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Honesty Without Truth: Lies, Accuracy, And The Criminal Justice Process, Lisa Kern Griffin Jan 2018

Honesty Without Truth: Lies, Accuracy, And The Criminal Justice Process, Lisa Kern Griffin

Faculty Scholarship

Focusing on “lying” is a natural response to uncertainty but too narrow of a concern. Honesty and truth are not the same thing and conflating them can actually inhibit accuracy. In several settings across investigations and trials, the criminal justice system elevates compliant statements, misguided beliefs, and confident opinions while excluding more complex evidence. Error often results. Some interrogation techniques, for example, privilege cooperation over information. Those interactions can yield incomplete or false statements, confessions, and even guilty pleas. Because of the impeachment rules that purportedly prevent perjury, the most knowledgeable witnesses may be precluded from taking the stand. The …


Brief Of The National Association For Public Defense As Amici Curiae Supporting Petitioner, Stein V. United States Of America (U.S. September 15, 2017) (No. 17-250)., Janet Moore Sep 2017

Brief Of The National Association For Public Defense As Amici Curiae Supporting Petitioner, Stein V. United States Of America (U.S. September 15, 2017) (No. 17-250)., Janet Moore

Faculty Articles and Other Publications

Petitioner’s case asks a basic but fundamental question: Will our criminal justice system permit convictions obtained through the knowing use of false testimony, simply because the prosecutor has not also suppressed evidence indicating the testimony was false? The Eleventh Circuit answered this question in the affirmative, but for decades this Court has known a very different justice system, one in which the knowing, uncorrected use of false testimony by the prosecutor could never be countenanced. And for good reason. As this Court has long recognized, the knowing use of false testimony is “as inconsistent with the rudimentary demands of justice …


Incentives, Lies, And Disclosure, Christopher Robertson Jan 2017

Incentives, Lies, And Disclosure, Christopher Robertson

Faculty Scholarship

Prosecutors can force witnesses to testify and use perjury prosecutions to hold them to the provable truth. More controversially, prosecutors also offer witnesses inducements for favorable testimony, including leniency, immunity, and even cash. This ubiquitous behavior would be illegal as witness bribery, except for a longstanding tradition of sovereigns using this power, which legal doctrine now reflects. A causal analysis shows that even if prosecutors use this power only in good faith, these inducements undermine the epistemic value of witness testimony.

Due process requires, and legal doctrine assumes, that when such inducements are disclosed to the jury, they will discount …


Newsroom: Waters '98 On Tempest Verdict Reversal, Roger Williams University School Of Law Jul 2015

Newsroom: Waters '98 On Tempest Verdict Reversal, Roger Williams University School Of Law

Life of the Law School (1993- )

No abstract provided.


Wanting The Truth: Comparing Prosecutions Of Investigative And Institutional Deception, Lisa Kern Griffin Jan 2009

Wanting The Truth: Comparing Prosecutions Of Investigative And Institutional Deception, Lisa Kern Griffin

Faculty Scholarship

Defensive dishonesty in criminal investigations has increasingly been prosecuted without standards for identifying harmful deception or other meaningful checks on prosecutorial discretion. Although they are often grouped together statistically and evaluated as comparable crimes, there is a clear distinction between investigative lies and in-court perjury. The differences between the offenses—including the standards for prosecution, the perceived victim, and the purposes of bringing charges—suggest reasons to reconsider the current approach to investigative lies such as false statements. More truth is produced, and arguably more cooperation results, when the government focuses on the quality of the information flow. The structural protections in …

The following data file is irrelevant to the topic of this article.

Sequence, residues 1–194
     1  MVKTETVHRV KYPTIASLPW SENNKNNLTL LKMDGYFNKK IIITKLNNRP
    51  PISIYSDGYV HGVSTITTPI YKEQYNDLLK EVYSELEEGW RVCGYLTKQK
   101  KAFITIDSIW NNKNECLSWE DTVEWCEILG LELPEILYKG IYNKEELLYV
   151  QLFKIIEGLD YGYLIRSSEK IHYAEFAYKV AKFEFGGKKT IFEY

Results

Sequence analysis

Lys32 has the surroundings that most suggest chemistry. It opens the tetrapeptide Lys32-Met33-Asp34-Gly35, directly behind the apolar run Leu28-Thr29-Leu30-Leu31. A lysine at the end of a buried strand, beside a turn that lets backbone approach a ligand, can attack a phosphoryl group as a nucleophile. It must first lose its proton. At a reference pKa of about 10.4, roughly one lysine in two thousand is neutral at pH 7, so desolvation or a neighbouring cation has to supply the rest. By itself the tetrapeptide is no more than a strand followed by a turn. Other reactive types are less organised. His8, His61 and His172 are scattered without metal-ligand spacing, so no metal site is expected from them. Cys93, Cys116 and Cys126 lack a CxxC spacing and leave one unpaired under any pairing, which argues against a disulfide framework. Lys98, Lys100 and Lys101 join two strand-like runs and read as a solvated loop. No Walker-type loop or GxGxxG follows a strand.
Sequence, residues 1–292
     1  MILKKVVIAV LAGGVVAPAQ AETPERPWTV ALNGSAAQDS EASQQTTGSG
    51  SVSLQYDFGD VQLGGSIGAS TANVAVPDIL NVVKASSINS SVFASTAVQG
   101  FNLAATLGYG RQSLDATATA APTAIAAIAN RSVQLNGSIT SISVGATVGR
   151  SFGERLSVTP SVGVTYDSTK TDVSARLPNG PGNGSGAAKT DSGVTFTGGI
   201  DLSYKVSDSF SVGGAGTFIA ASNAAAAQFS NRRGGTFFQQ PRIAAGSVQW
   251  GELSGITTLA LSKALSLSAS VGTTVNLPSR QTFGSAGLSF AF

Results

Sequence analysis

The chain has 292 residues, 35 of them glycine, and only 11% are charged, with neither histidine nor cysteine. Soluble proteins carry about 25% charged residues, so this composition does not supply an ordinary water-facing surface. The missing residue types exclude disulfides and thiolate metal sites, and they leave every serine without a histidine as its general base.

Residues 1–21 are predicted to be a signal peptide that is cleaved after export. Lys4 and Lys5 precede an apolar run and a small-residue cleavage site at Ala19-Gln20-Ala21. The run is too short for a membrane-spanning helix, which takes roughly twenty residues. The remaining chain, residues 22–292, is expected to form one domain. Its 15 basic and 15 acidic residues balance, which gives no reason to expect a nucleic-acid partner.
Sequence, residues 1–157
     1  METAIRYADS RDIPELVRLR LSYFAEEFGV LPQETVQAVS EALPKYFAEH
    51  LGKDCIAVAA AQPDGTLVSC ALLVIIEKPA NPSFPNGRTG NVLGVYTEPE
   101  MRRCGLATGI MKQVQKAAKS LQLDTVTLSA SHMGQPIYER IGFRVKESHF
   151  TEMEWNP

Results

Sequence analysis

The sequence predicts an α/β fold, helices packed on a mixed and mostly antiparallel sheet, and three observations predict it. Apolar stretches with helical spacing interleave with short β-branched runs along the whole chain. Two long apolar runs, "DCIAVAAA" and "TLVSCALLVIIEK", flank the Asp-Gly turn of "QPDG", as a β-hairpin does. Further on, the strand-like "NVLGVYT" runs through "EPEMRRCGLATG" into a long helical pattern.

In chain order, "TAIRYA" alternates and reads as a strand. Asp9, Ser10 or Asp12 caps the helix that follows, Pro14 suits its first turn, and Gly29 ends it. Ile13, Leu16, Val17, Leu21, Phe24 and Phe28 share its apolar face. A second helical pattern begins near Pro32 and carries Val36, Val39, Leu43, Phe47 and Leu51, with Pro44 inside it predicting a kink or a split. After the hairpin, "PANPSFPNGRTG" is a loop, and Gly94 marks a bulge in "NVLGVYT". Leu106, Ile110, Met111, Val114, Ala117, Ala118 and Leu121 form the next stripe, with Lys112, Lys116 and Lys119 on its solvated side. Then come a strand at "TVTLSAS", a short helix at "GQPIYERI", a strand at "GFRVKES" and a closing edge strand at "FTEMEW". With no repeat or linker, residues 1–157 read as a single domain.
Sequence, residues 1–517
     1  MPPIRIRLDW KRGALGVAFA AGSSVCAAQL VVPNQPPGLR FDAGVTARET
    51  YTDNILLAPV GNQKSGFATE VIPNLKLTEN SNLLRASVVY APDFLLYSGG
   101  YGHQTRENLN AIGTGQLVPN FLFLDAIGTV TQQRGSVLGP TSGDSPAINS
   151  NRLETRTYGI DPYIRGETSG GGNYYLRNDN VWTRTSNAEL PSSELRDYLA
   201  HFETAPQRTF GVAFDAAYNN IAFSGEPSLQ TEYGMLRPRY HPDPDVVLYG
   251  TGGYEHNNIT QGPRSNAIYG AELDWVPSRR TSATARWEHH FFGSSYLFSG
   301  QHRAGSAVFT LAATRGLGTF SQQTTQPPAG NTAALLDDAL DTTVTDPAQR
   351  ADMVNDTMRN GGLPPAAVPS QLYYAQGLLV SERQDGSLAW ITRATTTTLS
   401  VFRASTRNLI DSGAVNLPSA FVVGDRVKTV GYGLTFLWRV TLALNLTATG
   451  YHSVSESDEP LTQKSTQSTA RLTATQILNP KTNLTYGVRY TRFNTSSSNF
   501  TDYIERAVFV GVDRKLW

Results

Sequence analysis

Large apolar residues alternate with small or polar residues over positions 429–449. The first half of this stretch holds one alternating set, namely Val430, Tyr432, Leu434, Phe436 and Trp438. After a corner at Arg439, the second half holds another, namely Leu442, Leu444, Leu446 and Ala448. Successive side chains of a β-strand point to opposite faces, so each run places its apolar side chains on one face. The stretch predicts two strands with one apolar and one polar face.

Terms Of Endearment And Articles Of Impeachment, Christopher Slobogin, Charles W. Collier Jan 1999

Terms Of Endearment And Articles Of Impeachment, Christopher Slobogin, Charles W. Collier

Vanderbilt Law School Faculty Publications

It is a long-established principle that presidential impeachment is an appropriate remedy only for "high Crimes and Misdemeanors" of a public nature (with the possible exception of private crimes so heinous that the President "cannot be permitted to remain at large"). The crux of this Essay's argument is that the President's affair with Monica Lewinsky was a private matter that was not rendered "public" simply because Mr. Clinton lied about it. With its vote against removing the President, the Senate seemed to agree.


Just The Facts, Ma'am: Lying And The Omission Of Exculpatory Evidence In Police Reports,, Stanley Z. Fisher Oct 1993

Just The Facts, Ma'am: Lying And The Omission Of Exculpatory Evidence In Police Reports,, Stanley Z. Fisher

Faculty Scholarship

George Jones's ordeal was the product of, and in turn sheds light upon, police practices of investigating crimes and writing reports. Written police reports of criminal incidents and arrests give details such as the time, place, and nature of criminal conduct; the names and addresses of victims and witnesses; physical characteristics of the perpetrator(s) or arrestee(s); weapons used; property taken, recovered, or seized from the arrestee; and injuries to persons and property. Through their reports, the police "have fundamental control over the construction of [the] 'facts' for a case, and all other actors (the prosecutor, the judge, the defense lawyer) …